Thursday, November 16, 2023

The Ship That Sailed to Mars: A Centenary

The Ship That Sailed to Mars is a book of legendary beauty and equally legendary rarity, written and illustrated by the English-born artist William Mitcheson Timlin (1892-1943) who spent much of his life in South Africa. A large oversized book, with the text hand-lettered by the author/illustrator, and with 48 full-color plates, the book was originally issued in November 1923 an edition of only 2,000 copies (priced astronomically at 42s. each, with 250 of these shipped to America and sold by Frederick A. Stokes for $12 per copy).

The story is basically a fairy-tale, despite the science-fictional overtones of the title. It tells of an elderly inventor who designs and—with the help of fairies—builds a huge ship (that looks almost exactly like a terrestrial sailing ship) which he sails to Mars, a planet with its own fairies who have troubles of their own, which the inventor helps to solve. The story is in many ways slight, but with the added dimension of the Rackham-esque illustrations, one finds a unique charm in the book. Timlin made pictures for a second book, The Building of a Fairy City, which was regrettably never published, though some of the artwork was reportedly issued in South Africa on picture postcards.*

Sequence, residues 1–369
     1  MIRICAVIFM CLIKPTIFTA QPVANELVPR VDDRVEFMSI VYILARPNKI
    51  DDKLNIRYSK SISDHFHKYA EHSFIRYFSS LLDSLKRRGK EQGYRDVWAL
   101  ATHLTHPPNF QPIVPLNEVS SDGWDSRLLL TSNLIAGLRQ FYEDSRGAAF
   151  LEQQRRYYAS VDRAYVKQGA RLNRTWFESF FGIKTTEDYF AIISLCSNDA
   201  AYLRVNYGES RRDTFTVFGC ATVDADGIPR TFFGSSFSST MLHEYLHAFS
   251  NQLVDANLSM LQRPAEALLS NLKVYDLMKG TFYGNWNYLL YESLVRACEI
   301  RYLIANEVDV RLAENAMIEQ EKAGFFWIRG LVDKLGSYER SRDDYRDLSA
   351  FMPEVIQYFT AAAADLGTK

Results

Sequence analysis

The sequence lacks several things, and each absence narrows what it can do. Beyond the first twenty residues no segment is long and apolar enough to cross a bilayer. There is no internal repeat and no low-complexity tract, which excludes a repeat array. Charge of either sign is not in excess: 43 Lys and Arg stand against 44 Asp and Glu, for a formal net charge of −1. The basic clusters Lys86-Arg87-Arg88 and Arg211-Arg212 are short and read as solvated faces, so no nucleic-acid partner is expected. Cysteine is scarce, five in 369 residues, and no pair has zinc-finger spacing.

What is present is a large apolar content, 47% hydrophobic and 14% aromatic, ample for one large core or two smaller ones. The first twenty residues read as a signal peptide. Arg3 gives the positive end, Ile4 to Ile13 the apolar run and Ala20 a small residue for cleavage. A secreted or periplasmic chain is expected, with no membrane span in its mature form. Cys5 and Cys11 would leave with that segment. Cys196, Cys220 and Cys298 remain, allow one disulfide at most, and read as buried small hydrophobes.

There have been a number of reprints of The Ship That Sailed to Mars in the modern era, some elegant, if overdone (Easton Press), and others less special (StoneWall Publications), but hands-down the nicest and best value for its price is the one from Calla Editions (an imprint of Dover) ISBN: 9781606600177, with an Introduction by artist John Howe.

Ray Russell has a short video here showcasing a copy of the original 1923 edition, one hundred years old this month.  

*The first two paragraphs are reprinted from my Late Reviews (2018).

1 comment:

  1. I've got my Calla edition! Hmm, maybe I should finally read it.